As I approach my 36th year on this earth, I have come to the conclusion that I have spent the last 35 years of my life trying to be nice. But I am not nice. And when I try to act as such it comes off as disingenuous. I am not good, or attractive or of good quality. I am loud, brash and often off-putting.


What I actually am is kind. Empathetic. Caring. But not “nice”. Though I may be loud, brash and overly outspoken, at the heart of things, I care deeply about people. About helping them when they are hurting. About putting their needs in front of my own. Sometimes to a fault. That is why I am honest about how broken I am at times. Because if bearing my soul a little too often helps even just one person, it is worth it.

I see niceness as trying to placate others with personality. That is bullshit. Being nice won’t help a person in need. Being kind will. Being nice just projects a rose-colored view on the world. Being kind changes the world.

So stop being nice. Start being kind. Start being the change you wish to see in the world. With kindness. With empathy. With love.

(Drops mic. Steps off soapbox. Opens beer.)

If you share this post, I will buy you a pony. I suck at Twitter. I am OK at Facebook. Pinterest is my bitch. I am also on Bloglovin' and Instagram.

Tuesday, August 25, 2015

Living life in color, once again

Lately, I have been struggling with changes that are going on in my life. A new job, my oldest beginning kindergarten and other changes have been hard on me. Not just because there is a different routine, but because it is slowly showing me that I am becoming myself again in many ways. I have come out of the shell of grief that my brother's death created and started to become the person I was before it all.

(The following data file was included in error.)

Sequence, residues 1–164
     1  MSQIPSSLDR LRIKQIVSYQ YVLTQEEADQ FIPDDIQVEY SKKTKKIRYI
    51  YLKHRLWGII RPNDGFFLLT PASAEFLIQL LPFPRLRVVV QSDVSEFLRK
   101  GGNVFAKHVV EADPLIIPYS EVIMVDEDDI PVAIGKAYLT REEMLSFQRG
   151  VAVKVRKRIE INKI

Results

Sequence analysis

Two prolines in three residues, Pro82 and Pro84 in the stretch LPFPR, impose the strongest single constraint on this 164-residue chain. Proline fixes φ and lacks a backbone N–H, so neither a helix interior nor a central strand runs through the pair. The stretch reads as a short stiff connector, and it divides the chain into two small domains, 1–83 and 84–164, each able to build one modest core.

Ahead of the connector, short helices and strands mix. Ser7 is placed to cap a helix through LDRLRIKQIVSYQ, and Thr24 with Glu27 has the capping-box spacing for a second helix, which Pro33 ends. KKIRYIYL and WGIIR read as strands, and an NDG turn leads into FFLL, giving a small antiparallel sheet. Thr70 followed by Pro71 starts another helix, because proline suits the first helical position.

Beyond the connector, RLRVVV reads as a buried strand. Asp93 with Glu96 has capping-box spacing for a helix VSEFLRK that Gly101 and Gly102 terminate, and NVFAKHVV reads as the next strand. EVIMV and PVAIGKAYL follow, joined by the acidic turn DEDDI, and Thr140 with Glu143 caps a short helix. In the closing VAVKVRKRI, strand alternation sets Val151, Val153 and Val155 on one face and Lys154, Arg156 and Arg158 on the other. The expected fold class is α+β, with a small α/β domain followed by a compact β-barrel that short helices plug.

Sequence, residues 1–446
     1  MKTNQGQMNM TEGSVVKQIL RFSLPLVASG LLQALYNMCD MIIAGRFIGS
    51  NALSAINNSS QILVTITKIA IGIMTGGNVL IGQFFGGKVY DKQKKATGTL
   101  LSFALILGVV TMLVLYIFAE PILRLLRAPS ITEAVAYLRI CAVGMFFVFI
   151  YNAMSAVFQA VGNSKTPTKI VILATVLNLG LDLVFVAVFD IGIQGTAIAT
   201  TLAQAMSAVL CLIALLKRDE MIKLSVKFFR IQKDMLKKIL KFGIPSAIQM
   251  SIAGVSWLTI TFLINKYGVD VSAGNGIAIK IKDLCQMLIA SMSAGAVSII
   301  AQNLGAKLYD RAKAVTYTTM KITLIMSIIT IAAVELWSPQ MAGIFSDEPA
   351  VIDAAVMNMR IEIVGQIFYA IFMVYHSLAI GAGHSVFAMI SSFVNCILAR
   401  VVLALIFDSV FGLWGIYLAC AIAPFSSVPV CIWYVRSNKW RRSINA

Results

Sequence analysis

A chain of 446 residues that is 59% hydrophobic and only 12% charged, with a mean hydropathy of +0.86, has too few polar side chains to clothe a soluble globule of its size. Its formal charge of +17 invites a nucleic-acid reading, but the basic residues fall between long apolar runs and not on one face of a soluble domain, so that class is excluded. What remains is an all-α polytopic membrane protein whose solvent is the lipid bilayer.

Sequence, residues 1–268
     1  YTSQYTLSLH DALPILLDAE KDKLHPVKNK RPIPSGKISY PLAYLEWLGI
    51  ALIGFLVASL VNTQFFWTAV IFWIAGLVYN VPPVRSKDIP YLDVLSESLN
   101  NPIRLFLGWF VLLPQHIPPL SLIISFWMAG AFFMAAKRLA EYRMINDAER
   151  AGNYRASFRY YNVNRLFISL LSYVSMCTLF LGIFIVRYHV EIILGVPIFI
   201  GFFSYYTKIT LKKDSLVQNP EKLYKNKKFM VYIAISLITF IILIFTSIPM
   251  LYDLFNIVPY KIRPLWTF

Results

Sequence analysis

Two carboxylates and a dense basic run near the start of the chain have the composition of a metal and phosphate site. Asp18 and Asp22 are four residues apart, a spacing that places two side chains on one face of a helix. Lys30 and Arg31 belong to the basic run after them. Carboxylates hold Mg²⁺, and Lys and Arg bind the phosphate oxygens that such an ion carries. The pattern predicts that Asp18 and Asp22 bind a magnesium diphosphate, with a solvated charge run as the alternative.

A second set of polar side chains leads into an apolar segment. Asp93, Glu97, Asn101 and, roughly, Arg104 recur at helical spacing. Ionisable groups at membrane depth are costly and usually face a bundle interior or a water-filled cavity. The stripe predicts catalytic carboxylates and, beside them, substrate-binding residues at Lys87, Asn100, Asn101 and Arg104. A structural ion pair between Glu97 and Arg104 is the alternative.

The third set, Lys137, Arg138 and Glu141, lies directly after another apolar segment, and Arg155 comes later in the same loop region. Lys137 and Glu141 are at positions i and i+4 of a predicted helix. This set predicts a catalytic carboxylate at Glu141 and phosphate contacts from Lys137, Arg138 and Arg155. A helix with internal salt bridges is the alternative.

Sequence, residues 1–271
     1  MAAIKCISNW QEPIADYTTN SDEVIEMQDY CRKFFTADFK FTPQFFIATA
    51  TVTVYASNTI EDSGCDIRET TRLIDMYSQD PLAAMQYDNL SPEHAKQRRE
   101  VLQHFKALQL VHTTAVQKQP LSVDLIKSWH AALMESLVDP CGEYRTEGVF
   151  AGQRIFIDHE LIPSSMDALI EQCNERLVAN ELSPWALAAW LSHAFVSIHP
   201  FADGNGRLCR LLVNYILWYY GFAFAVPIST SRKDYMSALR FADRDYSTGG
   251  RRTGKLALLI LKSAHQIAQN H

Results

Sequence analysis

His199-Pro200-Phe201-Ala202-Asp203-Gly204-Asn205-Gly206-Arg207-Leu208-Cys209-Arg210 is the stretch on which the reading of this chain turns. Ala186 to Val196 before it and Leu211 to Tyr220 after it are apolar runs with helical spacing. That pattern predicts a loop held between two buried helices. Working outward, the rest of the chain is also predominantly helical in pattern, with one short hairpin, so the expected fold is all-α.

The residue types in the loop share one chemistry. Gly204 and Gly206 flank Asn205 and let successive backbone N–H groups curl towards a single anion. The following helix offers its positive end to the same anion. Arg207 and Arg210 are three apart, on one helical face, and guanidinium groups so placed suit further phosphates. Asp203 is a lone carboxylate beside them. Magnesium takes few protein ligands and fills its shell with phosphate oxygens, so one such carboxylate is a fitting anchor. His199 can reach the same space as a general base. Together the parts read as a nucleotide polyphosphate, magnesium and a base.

Unfortunately, I am realizing that the person that I was/am again might be a lot for certain people to handle. I am loud, and brash and honest. A lot of people have become used to the broken me and aren't as accepting of the new/old me. When I was grieving, I was subdued, quiet and did more listening than talking. Because I didn't have words. But the words are back, along with my annoying asshole personality.

So I am at a crossroads of whether I need to tone down who I am or whether I need to get rid of people who I like in my life but aren't excepting of the new me. Which is actually the old me. Dizzy yet? Yeah, me too.

I am just trying to get my bearings so I can start moving forward and decide who I want to be by my side along the way. It has been a painful struggle, but one that I know will help me grow in the long run. I have been blessed with a semi large group of friends. But I can't tell if they are friends that should be in my life or friends who I just keep there because we have history together.

But as I get older, and possibly wiser, I am sometimes finding it painful to go forward staying friends with people who are no longer supportive. So do I keep doing the work to stay friends with people out of loyalty or do I just slowly fade away from them? I'm not sure what the right answer is and it is a very big question to pose.